I'm looking for examples of how people handle candidate ownership in an agency/firm.  

In our case, the firm has grown - but at the start the recruiters barely used the database to note anything AND they honored ownership "forever".   It worked because it was so small and they communicated and "knew" who was whose candidate, etc. 

As we have added people - new recruiters will contact a candidate who has no notes/updates in the system for 2+ years and the person who put them in the db will want credit - or for the new person to ask before calling them.  I'm more from the "but for" school and that we all put people in the database so that we can connect them for jobs later.  If we don't connect them for jobs and someone else does - then too bad for you.  Move on and call your other candidates.  

It seems reasonable to have a "time frame" from last touch.  We are a niche perm shop - so relationships can last years before a placement is made.

I'm curious what others do in a perm shop for candidate ownership rules.    Thanks!

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There are parts of what everyone is saying that I agree with.... and disagree with. If it is a perm full-desk shop, then IMHO the candidate should belong to the recruiter for life. That is as long as they have fully documented the conversations and have filled out a profile. I know personally that I have had had candidates that I have represented early on in their career that are now hiring from me. I have also built relationships with candidates that I have never placed but would certainly know who I am. Candidates are an important part of marketing and information gathering.

On the other hand, if it is a split desk environment and a large fast paced office, I have always used a 6 month rule. If there is no documentation for 6 months then it is open season.

Great conversation by the way and good question Jerry.  My answer would be in a fulldesk shop, yes they have to check the database

Jerry- If they got one from a posting (that we paid for and our research team wrote the add and posted it) How much time have they really spent. If they place that candidate they get all of the comm or split just for having a conversation.(Company does not pay less comm or take off anything for house) That's a good deal and there has to be "give and take".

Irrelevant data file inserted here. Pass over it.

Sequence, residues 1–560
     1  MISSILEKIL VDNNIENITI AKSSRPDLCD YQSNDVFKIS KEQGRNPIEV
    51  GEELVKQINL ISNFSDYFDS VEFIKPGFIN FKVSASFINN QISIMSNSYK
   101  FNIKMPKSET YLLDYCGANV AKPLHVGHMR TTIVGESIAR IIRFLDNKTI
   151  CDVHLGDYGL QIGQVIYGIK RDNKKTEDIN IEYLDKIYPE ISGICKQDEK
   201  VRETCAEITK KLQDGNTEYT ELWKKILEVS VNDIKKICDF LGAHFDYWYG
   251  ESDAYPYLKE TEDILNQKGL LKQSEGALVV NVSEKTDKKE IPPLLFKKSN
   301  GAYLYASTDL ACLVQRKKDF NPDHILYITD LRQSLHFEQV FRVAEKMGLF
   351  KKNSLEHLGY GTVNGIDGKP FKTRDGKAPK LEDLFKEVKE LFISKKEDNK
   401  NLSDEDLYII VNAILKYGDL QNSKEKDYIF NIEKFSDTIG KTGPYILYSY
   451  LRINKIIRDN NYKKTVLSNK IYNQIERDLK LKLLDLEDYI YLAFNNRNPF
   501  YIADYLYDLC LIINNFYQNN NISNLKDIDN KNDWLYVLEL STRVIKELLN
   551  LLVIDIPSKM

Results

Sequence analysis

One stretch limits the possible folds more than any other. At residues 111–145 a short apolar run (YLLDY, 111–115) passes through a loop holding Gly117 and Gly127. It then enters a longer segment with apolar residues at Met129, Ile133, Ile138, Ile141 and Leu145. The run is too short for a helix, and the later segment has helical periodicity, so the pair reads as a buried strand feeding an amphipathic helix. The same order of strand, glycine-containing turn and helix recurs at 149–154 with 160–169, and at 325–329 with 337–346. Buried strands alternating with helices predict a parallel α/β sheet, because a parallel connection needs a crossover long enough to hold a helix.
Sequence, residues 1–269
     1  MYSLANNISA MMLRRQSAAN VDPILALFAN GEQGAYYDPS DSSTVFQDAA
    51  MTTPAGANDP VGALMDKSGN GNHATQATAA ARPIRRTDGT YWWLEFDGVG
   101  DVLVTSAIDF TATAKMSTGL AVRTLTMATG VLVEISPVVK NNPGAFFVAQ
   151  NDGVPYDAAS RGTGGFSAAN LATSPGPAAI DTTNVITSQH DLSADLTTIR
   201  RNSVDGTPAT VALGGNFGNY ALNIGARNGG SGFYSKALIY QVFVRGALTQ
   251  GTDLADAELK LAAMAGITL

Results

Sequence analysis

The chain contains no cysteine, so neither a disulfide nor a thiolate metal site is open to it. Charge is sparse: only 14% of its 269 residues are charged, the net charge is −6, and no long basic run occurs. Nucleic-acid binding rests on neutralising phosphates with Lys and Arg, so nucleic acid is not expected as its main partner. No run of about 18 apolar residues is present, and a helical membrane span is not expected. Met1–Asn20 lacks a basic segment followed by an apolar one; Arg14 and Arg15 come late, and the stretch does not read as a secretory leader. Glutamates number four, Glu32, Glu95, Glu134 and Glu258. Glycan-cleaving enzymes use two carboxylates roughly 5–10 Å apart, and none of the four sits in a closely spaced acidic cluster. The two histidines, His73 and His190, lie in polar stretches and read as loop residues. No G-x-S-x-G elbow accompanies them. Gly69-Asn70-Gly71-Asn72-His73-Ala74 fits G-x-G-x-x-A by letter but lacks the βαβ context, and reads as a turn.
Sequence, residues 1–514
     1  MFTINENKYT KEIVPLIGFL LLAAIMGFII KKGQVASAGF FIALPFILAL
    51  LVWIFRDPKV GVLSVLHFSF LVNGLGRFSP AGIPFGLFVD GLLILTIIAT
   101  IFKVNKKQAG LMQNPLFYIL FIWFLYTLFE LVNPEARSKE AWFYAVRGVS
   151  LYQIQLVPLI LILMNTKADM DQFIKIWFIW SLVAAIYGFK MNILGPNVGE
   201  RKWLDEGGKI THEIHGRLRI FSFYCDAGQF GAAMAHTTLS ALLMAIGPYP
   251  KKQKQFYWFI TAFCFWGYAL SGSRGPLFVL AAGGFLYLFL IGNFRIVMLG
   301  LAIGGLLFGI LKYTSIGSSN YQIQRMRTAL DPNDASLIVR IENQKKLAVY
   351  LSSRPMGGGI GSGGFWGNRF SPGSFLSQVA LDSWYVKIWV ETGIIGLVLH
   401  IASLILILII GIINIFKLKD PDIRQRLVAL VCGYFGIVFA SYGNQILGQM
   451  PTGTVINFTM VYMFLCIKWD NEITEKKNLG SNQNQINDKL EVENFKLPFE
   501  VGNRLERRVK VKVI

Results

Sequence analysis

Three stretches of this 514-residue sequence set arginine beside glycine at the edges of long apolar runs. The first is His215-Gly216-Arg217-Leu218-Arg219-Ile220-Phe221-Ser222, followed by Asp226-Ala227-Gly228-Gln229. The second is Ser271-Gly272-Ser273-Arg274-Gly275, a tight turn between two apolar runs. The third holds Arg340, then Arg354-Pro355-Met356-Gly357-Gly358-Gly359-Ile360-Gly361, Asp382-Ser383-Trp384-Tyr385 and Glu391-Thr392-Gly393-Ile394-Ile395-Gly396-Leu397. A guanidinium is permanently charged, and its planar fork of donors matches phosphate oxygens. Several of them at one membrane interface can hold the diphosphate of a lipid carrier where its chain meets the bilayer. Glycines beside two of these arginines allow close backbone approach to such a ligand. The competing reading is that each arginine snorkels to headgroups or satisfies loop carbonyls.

Most of their contacts go to folks already in our database ( we have over 150,000 in there). But some times research gives them a list with name, title, and phone # and email address. It does happen that they contact someone that was in the database under ownership of someone else, but only if that recruiter is still with the firm. That is a pisser but sometimes the candidates says I have already spoke to  so and so are you already have my resume. But again sometimes they don't. When a recruiter leaves all their candidates become open status and anyone can place w/o split. Another good deal.

So let's look at a more specific example.

Recruiter B is recruiting.  He's on the phone with someone who is not interested. The disinterested candidate refers his associate. Recruiter B calls this new candidate right after hanging up. (Like a good recruiter should do IMHO)

They talk at length and decide to pursue the job.

Later it is discovered a recruiter put his name/resume/profile into your ATS 4 years ago.  That person got lost in the 150,000 names and had not been contacted since then.


What happens in this case?

Honestly I find this topic exhausting.   

I do think that two weeks is a bit much - and at the same time a huge improvement from what we had.   We also highly value "the golden rule" so in the example given where Recruiter A entered someone in the database in 2009, and Rec. B had them interviewing a month ago - and then a new job comes out, Recruiter A still has the ownership techinically, but I think in practice they would let Rec B have it.  Honestly I'm fine either way and the problem with the golden rule (in this office) is that we have different philosphies at play.